Its appearance may not be fancy, but Metro’s brand new Division 3 bus maintenance building has a long list of eco-friendly assets. And some of them could be adapted for our own living spaces.
There’s standard issue stuff: high-efficiency lighting (florescent), low-flow toilets and drought-resistant landscaping. Other assets are somewhat more complicated but doable with effort: room lights connected to motion sensors so that lights turn off automatically when no one is there; pre-programmable heating and cooling systems that can be set to a specified temperature; controls organized in zones so that naturally hot rooms are cooled more than those that are not.
Division 3 also has light-reflective roofing that repels the sun, near ceiling windows that convey cross ventilation and light while impeding direct sun that can quickly heat up a room. It also takes advantage of green power — certified to come from non coal-fired plants, from renewable sources — purchased from the Los Angeles Department of Water and Power.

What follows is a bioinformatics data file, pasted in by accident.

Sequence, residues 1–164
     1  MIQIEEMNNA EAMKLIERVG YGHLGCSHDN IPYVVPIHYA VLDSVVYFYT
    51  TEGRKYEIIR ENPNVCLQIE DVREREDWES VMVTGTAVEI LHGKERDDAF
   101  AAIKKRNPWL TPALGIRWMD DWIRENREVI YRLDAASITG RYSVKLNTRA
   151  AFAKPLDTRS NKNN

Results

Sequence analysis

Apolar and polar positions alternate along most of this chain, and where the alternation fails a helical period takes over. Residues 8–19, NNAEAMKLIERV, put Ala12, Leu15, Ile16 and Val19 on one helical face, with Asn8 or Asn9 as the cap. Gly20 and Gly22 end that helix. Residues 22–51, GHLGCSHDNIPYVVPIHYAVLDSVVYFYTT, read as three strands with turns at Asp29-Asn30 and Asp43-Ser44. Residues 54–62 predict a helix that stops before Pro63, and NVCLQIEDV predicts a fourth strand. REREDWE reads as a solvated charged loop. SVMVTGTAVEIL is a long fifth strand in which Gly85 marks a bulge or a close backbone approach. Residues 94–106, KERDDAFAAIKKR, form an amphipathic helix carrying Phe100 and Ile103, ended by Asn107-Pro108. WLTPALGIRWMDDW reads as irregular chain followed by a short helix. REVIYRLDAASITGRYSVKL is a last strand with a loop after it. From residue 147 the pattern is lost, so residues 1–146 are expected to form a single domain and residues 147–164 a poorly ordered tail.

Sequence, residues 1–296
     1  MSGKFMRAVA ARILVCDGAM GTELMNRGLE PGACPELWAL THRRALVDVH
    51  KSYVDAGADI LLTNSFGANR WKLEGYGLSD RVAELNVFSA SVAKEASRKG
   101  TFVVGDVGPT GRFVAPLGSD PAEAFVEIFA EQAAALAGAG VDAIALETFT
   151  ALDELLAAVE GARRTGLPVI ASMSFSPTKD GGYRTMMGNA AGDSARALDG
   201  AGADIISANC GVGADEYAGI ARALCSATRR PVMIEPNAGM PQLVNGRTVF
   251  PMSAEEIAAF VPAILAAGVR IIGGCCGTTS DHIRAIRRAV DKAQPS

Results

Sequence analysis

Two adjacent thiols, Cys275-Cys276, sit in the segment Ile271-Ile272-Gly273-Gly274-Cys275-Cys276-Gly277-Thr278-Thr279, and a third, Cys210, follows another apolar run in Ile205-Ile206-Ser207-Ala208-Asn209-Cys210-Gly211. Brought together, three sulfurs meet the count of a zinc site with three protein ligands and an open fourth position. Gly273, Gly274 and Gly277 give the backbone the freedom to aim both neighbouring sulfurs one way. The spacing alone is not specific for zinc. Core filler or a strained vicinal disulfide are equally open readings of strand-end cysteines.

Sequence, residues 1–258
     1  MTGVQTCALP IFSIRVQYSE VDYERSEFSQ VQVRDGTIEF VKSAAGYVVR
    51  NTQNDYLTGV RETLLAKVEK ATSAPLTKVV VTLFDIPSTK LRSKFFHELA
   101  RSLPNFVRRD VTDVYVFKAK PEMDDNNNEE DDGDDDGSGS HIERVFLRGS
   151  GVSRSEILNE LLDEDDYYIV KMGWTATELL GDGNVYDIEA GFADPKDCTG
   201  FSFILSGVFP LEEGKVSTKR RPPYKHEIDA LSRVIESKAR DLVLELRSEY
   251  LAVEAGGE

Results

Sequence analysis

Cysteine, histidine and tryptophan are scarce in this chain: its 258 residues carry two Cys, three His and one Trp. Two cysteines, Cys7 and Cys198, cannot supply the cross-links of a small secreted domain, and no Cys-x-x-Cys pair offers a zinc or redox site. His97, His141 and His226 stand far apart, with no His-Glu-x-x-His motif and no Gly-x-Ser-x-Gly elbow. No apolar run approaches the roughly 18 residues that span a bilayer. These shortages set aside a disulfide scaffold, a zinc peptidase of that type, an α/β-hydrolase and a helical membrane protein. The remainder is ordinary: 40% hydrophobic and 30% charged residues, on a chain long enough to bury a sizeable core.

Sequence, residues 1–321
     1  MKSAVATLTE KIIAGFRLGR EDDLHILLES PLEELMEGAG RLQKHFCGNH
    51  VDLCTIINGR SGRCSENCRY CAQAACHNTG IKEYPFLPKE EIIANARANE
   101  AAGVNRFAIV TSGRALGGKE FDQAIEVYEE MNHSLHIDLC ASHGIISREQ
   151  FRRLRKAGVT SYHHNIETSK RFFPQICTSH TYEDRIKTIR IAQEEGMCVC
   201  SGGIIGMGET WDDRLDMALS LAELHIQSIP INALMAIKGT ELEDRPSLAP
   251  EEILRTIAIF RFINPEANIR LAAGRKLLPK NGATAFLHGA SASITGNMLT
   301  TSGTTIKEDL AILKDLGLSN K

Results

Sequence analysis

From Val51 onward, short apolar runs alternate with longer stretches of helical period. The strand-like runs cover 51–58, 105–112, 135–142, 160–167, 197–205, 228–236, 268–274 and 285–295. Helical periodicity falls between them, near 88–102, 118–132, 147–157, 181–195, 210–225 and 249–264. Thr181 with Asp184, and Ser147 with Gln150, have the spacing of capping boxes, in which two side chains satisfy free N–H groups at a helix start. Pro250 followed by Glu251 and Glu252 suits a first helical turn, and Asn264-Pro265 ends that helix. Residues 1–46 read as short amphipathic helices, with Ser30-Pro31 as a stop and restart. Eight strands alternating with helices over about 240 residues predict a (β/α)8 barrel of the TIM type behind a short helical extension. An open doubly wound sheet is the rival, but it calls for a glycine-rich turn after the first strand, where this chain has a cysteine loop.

Division 3, near downtown Los Angeles, is Metro’s newest LEED “green” building. LEED (stands for Leadership in Energy and Environmental Design) is a building rating system that rewards CO2 emission reductions and energy efficiency. Metro already has a gold ranked LEED building in El Monte — dedicated last year — and is working toward silver for Division 3.
In 2003, the Metro Board mandated that all new Metro construction projects use sustainable design and emphasize renewable energy and water conservation. The agency is hoping both to set an example for future facilities and save money — the cost of the green upgrades on the building was $100,000, which Metro believes will be recaptured through lower utility bills.